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Open AccessArticle

Water Source Preferences and Water Quality Perceptions among Women in the Eastern Region, Ghana: A Grounded Theory Study

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Department of Civil and Environmental Engineering, Tufts University School of Engineering, Medford, MA 02155, USA
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Section of Preventive Medicine and Epidemiology, Boston University School of Medicine, Boston, MA 02118, USA
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Department of Public Health and Community Medicine, Tufts University School of Medicine, Boston, MA 02111, USA
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Department of Anthropology, School of Arts and Sciences, Tufts University, Medford, MA 02155, USA
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Ghana Ministry of Foreign Affairs and Regional Integration, Accra, Greater Accra, GA-057-0036, Ghana
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Farming Systems Ecology, Wageningen University & Research, 6708 Wageningen, The Netherlands
*
Author to whom correspondence should be addressed.
Int. J. Environ. Res. Public Health 2019, 16(20), 3835; https://doi.org/10.3390/ijerph16203835
Received: 2 July 2019 / Revised: 3 October 2019 / Accepted: 5 October 2019 / Published: 11 October 2019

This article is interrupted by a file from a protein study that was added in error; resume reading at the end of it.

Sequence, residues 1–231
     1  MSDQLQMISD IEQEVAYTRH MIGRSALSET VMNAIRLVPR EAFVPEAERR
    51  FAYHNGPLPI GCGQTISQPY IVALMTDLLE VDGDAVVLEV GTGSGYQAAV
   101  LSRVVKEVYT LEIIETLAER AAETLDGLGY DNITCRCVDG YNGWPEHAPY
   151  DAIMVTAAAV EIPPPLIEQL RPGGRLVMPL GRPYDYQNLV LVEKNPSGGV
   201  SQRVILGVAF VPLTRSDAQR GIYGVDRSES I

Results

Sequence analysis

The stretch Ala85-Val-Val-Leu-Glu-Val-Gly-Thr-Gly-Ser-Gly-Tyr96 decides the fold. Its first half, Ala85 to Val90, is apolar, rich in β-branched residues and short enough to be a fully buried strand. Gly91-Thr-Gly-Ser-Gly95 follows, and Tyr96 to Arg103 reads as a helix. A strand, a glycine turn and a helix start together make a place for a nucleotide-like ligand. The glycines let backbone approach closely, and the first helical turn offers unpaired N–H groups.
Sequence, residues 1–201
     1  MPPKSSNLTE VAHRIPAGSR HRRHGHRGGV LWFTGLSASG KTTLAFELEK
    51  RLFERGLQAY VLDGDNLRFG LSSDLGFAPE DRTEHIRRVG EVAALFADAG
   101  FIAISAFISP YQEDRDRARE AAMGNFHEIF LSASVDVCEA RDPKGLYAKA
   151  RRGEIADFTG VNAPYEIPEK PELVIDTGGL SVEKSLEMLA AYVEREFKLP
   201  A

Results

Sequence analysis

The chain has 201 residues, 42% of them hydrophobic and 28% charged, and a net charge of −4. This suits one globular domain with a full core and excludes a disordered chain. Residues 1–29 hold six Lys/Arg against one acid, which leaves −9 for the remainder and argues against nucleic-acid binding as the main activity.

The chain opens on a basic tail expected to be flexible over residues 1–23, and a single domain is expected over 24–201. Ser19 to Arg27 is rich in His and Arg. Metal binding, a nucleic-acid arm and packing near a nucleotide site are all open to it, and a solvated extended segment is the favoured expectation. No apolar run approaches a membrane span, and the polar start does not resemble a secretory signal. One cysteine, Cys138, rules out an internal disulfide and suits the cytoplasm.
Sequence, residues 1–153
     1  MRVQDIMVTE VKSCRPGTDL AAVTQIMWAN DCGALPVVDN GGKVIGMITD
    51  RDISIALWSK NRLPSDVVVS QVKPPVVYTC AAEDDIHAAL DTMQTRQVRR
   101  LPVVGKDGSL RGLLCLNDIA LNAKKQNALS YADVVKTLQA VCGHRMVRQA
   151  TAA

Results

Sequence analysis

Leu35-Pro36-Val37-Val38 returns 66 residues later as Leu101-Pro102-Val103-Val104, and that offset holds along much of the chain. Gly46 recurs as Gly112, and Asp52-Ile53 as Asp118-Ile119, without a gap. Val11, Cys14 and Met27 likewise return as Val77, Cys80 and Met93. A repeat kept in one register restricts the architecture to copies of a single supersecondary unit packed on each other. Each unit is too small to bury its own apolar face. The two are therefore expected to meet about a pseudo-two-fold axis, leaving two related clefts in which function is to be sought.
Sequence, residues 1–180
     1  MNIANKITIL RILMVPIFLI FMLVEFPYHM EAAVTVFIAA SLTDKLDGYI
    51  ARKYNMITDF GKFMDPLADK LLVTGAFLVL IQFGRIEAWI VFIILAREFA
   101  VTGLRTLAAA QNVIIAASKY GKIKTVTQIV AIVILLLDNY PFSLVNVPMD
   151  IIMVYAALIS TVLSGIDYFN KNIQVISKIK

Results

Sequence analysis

Residents in the Eastern Region, Ghana with access to improved water sources (e.g., boreholes and covered wells) often choose to collect water from unimproved sources (e.g., rivers and uncovered wells). To assess why, we conducted two field studies to coincide with Ghana’s rainy and dry seasons. During the rainy season, we conducted semi-structured in-depth interviews among a convenience sample of 26 women in four rural communities (including one woman in the dry season). We asked each participant about their attitudes and perceptions of water sources. During the dry season, we observed four women for ≤4 days each to provide context for water collection and water source choice. We used a grounded theory approach considering the multiple household water sources and uses approach to identify three themes informing water source choice: collection of and access to water, water quality perception, and the dynamic interaction of these. Women selected water sources based on multiple factors, including season, accessibility, religious/spiritual messaging, community messaging (e.g., health risks), and ease-of-use (e.g., physical burden). Gender and power dynamics created structural barriers that affected the use of unimproved water sources. A larger role for women in water management and supply decision-making could advance population health goals. View Full-Text
Keywords: Ghana; improved water source; unimproved water source; water preferences; water management; rural water; ethnography; multiple household water sources and uses; seasonality Ghana; improved water source; unimproved water source; water preferences; water management; rural water; ethnography; multiple household water sources and uses; seasonality
MDPI and ACS Style

Chew, J.F.; Corlin, L.; Ona, F.; Pinto, S.; Fenyi-Baah, E.; Osei, B.G.; Gute, D.M. Water Source Preferences and Water Quality Perceptions among Women in the Eastern Region, Ghana: A Grounded Theory Study. Int. J. Environ. Res. Public Health 2019, 16, 3835.

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